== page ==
An acceptable level of absenteeism from council meetings for councillors is "what your constituents tell you in the upcoming vote", Hawke's Bay Regional chairman Fenton Wilson says.

Of all regional councillors over the past term, he and Napier representative Christine Scott had an almost perfect record of attendance. Ms Scott was absent from one committee meeting, and Mr Wilson one council workshop in the 2014/15 financial year.

Mr Wilson said in broad terms, meetings were where the council made their decisions.

"Regardless of what other work you do, you've still got to go and talk to your constituents and be accountable and available and all that stuff, but actually the real work's done around the council table," he said.

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"That's where the decisions are made."

Although Hastings representative Rick Barker was the councillor who attended the lowest number of meetings overall, he said this could be skewed as he had a higher number to attend than some other councillors.

He attended a total 78 per cent of required council, and committee meetings, and council workshops in the past term.

However, Mr Barker said while he might have a lower percentage, he had more meetings to attend - while other councillors could have higher overall percentages, they could have attended fewer meetings.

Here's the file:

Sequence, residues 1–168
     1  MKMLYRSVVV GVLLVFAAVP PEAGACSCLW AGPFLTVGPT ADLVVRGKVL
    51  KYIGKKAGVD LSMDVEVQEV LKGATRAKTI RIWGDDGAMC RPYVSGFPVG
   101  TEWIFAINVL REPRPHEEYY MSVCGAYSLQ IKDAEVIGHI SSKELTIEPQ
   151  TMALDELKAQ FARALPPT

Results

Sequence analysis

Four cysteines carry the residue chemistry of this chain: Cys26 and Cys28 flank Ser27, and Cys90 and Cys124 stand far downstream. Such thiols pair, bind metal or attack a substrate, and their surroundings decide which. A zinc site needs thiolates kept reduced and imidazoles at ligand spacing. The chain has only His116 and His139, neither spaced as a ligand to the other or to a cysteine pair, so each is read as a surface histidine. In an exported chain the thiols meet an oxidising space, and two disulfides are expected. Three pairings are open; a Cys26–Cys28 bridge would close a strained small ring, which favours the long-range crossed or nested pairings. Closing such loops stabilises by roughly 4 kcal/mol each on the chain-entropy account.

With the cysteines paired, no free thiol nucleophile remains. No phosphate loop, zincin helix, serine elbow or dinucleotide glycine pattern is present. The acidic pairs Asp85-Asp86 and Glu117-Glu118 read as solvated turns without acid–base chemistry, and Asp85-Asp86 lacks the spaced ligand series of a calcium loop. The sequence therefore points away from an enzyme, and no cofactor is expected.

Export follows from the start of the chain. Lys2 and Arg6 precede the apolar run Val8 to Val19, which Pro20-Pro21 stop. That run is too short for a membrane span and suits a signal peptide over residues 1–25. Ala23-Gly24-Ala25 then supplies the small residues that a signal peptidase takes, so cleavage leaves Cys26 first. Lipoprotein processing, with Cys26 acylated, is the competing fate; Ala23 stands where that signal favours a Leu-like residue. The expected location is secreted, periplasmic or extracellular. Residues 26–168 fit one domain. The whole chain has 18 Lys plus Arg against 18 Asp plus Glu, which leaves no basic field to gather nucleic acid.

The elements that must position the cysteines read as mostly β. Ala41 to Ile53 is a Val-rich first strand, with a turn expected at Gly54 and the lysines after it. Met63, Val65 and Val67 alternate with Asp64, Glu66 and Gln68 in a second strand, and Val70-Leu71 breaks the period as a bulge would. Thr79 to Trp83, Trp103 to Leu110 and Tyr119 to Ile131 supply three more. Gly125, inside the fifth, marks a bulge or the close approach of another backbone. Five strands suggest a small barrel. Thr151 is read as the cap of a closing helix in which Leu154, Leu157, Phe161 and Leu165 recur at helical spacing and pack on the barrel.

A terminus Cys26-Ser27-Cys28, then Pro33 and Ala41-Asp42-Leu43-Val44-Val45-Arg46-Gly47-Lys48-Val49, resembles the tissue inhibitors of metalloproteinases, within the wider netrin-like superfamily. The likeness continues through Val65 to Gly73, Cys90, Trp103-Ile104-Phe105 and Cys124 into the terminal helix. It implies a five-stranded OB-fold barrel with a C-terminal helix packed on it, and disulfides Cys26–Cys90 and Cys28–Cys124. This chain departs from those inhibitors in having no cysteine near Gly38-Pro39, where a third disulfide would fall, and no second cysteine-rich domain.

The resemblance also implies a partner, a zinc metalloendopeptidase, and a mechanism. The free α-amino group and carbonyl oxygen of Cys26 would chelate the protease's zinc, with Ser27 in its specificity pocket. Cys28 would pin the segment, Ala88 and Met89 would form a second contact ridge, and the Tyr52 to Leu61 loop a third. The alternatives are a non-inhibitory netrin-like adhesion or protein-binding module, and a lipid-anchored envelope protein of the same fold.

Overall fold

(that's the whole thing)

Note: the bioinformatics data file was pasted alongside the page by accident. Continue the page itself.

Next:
"It's a matter of participation, and contribution," he said.

In the year to June he was involved in seven committees - as well as council. This meant the first term councillor had done "significantly more hours" in his role, which was not reflected in his overall total.

He said he had also done a substantial amount of work outside of meetings, citing involvement with the new park at Paikowhai, and the Waihi Dam situation. During the past year, Mr Barker had spent time in hospital, and had missed some meetings because of tangi, and funerals.

Mr Wilson said sometimes councillors did need to miss meetings due to illness, family tragedies, or having other jobs which were quite time consuming. He said there was no difference for an absenteeism for something unforseen, as opposed to a responsibility outside council.

When asked if there was an acceptable level for absences, Mr Wilson said, "The acceptable level is what your constituents tell you in the upcoming vote.

"It's actually up to individual choice, so to be part of the team you've got to be there basically, and it is a constant commitment," he said.

"There's no sort of acceptable level but I guess it comes down to what the voters are going to say at the end of the day."

He said it was a good message to regional council candidates that they needed to take into account the time needed for the role.